What a nice response we’ve had from you folks to our recent blog post about turning skids into usable lumber (“Skid Row”). Looks like we tapped into a good topic here. Keep your comments and suggestions coming in, please!
I’ve taken a bit of a hiatus lately from the blog to get a big tool review ready for the January print issue of the magazine. And, aside from a lot of heavy lifting to hit that deadline, it’s added a third floor to my growing tower of skids outside the shop. Looks like it’s time to start cutting some of them up and figuring out what to build…
In that regard, I thought it might be fun to tally up all the many ways you have commented that you use skid lumber. Hopefully you’ll give the rest of us some good ideas for turning pallets into projects:
• Planter boxes and bird houses, kindling (Paul)
• Burn it and use the charcoal for distilling sour mash (Graybeard50’s idea, not ours…)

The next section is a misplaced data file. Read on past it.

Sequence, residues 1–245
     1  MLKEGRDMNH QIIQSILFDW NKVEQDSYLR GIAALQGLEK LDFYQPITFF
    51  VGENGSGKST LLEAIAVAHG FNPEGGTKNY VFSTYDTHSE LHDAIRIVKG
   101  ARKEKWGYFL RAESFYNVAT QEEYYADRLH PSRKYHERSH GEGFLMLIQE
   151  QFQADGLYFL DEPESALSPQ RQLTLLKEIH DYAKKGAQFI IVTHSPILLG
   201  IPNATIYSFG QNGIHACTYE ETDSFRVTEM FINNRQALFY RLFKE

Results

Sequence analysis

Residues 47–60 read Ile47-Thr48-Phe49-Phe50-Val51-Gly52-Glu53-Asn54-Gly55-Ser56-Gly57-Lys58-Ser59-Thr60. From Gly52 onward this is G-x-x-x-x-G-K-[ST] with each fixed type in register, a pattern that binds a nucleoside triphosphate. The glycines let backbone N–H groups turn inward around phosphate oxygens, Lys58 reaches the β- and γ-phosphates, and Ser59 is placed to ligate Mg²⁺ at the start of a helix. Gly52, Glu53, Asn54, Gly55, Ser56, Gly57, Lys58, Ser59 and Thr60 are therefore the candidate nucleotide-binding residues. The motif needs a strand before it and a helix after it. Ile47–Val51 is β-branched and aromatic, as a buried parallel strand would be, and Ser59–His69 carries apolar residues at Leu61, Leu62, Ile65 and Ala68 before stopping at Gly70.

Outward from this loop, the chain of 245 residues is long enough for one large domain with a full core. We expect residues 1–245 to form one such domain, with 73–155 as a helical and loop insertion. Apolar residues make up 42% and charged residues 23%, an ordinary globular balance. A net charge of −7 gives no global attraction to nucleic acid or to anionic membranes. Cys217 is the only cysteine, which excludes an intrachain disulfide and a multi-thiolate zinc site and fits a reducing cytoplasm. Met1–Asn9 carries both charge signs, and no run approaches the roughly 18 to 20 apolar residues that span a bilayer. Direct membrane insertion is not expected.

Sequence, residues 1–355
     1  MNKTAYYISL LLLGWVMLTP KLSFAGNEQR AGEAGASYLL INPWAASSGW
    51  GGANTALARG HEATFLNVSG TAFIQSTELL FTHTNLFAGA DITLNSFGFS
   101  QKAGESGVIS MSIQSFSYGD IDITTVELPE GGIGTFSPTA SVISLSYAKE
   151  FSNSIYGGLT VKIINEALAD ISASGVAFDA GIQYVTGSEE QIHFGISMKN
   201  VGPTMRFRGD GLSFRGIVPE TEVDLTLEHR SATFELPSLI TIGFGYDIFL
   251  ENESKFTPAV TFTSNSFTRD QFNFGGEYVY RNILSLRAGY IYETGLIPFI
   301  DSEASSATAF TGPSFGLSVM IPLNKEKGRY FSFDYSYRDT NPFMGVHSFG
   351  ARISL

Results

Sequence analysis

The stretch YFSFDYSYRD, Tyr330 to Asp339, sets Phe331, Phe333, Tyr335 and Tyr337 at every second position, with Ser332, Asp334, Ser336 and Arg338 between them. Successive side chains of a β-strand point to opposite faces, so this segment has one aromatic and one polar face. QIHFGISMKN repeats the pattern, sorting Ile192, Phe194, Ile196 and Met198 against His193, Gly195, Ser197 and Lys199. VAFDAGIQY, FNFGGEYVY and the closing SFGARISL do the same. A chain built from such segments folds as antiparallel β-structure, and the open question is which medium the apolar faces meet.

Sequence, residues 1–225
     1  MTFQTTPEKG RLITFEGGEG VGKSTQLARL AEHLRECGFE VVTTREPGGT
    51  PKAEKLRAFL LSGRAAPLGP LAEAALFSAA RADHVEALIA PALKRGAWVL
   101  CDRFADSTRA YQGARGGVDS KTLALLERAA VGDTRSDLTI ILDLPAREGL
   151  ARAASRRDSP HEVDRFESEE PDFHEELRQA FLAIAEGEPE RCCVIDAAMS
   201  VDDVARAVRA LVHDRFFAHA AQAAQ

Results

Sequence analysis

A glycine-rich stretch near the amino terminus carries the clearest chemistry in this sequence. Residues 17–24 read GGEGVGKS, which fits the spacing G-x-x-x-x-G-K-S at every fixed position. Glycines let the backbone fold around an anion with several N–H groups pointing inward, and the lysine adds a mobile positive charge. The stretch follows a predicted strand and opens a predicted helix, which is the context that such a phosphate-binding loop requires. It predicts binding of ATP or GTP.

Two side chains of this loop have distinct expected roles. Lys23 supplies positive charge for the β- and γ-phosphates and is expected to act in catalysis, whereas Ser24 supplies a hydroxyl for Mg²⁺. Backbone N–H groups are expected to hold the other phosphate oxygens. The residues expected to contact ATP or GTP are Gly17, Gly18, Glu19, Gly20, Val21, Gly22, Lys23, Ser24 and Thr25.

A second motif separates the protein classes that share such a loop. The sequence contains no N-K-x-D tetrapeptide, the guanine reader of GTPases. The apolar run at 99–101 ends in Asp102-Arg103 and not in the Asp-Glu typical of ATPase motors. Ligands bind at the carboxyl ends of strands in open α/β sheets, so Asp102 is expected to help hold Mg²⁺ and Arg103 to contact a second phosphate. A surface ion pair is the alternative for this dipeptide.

• Cutting boards, knife racks, boot jacks, bird houses (Redhawk)
• Corner planes, lumber for shed-building, compost bins, garden fencing (Andrew Erickson)
• Drawers, storage boxes, practice boards for cutting dovetails (Lou Hodson)
• Building lumber for homes (Chris Barnes is planning to become the next shantytown tycoon, apparently)
• Workbench, tissue boxes, birdhouses (Gary Gorman)
• Birdhouses, wall shelves, park benches, paper towel holders, jewelry boxes (Bob H. Gibbs)
• Birdhouses, planters, compost bins, toys, cheap “play” lumber for the grandkids, eventually a fort (Mike Joyce)
• Knickknacks, jigsaw puzzles, toys, toilet paper holders, kindling (Phil)
• A source of lumber to keep the masochists among us busy (Leon, them’s fighting words!)
And, aside from the various uses you guys have come up with for skids, you’ve also salvaged some decent, recognizable wood species: white oak, cherry, pine, maple, something akin to lacewood and mahogany. I’d venture there’s a good chance for finding some other interesting exotics in those pallets. Plenty of them start their lives overseas.
Oh, and here are a few suggestions from the crew regarding processing these things up: forget pulling all the nails first. Cut out the usable parts, and discard or burn the rest. Watch for hidden fasteners and use blades you can afford to lose—sooner or later, you’ll ruin one.
There you have it: lumber on the WAY cheap! Thanks again to all.
Catch you in the shop,
Chris Marshall, Field Editor